I am not sure why some reviewers rant about this being an anti-Islamic or anti-Arab propoganda. The movie shows a clear distinction between the good guys (Denzel's colleague in FBI is an Arab too) and the fanatics who plan to blow up buildings with no remorse all in the name of "allah". This film isn't about anti-ethnic sentiment, it's more about paranoia and hasty decision making brought about by reactionary leadership (such as the extant one, of course).
The story clicks on all of the present hot buttons such as terrorism in NYC, America's militant retaliation, and the futility of such belligerence in ridding the world of terrorism. It is unnerving to to think of how much our world has changed since this movie first came out so many years previously and that a film that was made to be entertaining and an escape from our real everyday life now is now a reminder of some very recent and real tragic events (7-11, US snipper shootings).
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21 of 23 people found the following review helpful By Mr N Forbes-warren on August 20, 2000
Format: DVD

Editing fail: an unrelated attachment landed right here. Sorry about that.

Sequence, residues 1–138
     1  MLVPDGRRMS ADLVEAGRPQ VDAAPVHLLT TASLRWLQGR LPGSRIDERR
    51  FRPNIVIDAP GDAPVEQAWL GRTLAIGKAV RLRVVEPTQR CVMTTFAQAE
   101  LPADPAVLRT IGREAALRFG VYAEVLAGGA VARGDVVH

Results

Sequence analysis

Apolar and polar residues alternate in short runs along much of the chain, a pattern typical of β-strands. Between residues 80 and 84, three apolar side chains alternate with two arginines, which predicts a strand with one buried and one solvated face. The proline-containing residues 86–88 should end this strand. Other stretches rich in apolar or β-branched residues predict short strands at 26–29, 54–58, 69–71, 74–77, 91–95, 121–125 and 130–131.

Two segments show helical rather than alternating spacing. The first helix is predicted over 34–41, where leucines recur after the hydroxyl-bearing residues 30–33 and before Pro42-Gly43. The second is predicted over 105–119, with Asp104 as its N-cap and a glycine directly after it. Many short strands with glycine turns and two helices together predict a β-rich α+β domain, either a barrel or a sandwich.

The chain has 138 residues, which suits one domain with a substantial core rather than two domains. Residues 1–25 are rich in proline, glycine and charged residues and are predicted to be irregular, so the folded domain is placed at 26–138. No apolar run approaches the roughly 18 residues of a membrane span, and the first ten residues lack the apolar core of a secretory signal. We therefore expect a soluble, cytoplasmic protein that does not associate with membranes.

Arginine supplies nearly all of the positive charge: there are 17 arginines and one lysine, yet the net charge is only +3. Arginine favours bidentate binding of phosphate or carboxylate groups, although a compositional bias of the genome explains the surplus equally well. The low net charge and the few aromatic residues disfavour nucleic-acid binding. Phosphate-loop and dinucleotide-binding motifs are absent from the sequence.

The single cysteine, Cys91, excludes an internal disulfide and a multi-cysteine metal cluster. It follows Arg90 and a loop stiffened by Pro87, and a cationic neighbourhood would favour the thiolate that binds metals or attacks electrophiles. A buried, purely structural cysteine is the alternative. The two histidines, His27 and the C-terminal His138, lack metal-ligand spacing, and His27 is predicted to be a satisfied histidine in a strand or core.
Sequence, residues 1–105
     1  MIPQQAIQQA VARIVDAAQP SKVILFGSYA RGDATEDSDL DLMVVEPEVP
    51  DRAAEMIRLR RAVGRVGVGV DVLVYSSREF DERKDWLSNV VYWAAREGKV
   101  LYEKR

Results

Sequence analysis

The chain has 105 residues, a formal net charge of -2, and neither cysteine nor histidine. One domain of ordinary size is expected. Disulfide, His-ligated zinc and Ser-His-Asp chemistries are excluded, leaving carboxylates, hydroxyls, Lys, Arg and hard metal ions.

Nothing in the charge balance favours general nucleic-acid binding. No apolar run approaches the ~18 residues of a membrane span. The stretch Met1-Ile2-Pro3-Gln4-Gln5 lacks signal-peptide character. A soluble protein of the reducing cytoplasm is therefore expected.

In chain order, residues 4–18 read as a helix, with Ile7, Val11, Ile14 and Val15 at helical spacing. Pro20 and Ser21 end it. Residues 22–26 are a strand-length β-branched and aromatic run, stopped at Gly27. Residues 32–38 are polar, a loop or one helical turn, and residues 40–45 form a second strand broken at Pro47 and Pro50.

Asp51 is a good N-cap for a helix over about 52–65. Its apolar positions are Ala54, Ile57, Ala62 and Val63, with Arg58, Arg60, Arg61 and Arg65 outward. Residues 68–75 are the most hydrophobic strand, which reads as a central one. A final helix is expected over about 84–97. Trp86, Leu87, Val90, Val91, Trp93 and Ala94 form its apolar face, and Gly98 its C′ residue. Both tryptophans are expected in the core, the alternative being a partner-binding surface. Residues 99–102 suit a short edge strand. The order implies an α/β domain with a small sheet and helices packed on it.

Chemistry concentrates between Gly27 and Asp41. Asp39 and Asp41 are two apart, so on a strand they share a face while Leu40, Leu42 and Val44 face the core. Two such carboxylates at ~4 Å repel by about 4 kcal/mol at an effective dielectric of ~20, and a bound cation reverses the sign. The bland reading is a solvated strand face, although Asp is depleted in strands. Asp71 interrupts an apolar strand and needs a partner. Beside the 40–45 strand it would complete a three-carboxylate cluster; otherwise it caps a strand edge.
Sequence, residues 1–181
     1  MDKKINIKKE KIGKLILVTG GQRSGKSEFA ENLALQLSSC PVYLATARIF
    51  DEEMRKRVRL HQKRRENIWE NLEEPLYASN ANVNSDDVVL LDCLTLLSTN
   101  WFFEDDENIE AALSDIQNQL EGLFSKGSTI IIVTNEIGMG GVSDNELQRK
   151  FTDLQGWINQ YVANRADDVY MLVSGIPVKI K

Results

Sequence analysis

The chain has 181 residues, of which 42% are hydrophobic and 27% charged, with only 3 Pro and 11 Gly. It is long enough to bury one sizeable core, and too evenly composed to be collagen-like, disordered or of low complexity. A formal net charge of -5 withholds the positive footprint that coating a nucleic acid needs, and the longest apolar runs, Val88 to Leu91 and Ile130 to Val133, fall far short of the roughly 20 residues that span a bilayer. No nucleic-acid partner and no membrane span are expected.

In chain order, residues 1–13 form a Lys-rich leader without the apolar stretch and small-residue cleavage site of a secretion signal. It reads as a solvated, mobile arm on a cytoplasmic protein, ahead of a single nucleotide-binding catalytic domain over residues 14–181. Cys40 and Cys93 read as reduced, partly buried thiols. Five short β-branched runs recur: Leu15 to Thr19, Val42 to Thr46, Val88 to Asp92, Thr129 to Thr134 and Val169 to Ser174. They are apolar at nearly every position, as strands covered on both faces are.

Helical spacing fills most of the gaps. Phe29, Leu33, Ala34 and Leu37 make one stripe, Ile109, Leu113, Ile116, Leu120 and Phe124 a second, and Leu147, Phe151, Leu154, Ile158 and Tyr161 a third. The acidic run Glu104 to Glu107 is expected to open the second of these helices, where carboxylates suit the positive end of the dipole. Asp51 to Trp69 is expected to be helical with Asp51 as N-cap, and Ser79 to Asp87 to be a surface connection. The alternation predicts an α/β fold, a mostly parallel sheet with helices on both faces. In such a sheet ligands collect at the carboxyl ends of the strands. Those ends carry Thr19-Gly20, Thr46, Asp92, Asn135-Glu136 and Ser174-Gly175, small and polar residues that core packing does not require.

What if an Arab terrorist(or several?) attacked New York, escalating his bombing capabilities? How easy is it to turn people against one another with hate crimes and martial law? Does the end justify the means when General Devereaux(Bruce Willis) suspects all Arabs in New York and introduces a policy that's no better than Hitler's concentration camps? Just who is the bad guy? Well, this is a fantastic and highly dramatic story which could well come true . . . maybe it already has. Denzel Washington plays an FBI agent investigating the bomb attacks as New York is plunged into paranoia. First a bus, then a crowded theatre, and then the suicide bombers go for the FBI building. When Congress elect declaration of martial law, will it work? Watch for yourself. In my view, as well, I disagree with anyone that calls this movie racist. Go stay locked in your leftie student digs while your rich parents send you handouts! What the point is that when the actions of a few(it can apply to any social group) affect the well-being of the social/ethnic group as a whole, then it's a bad thing. The soundbites of New Yorkers calling for deportation and hatecrimes adds further imapct. All in all, a good, taut action thriller that also conveys many messages about the society we live in.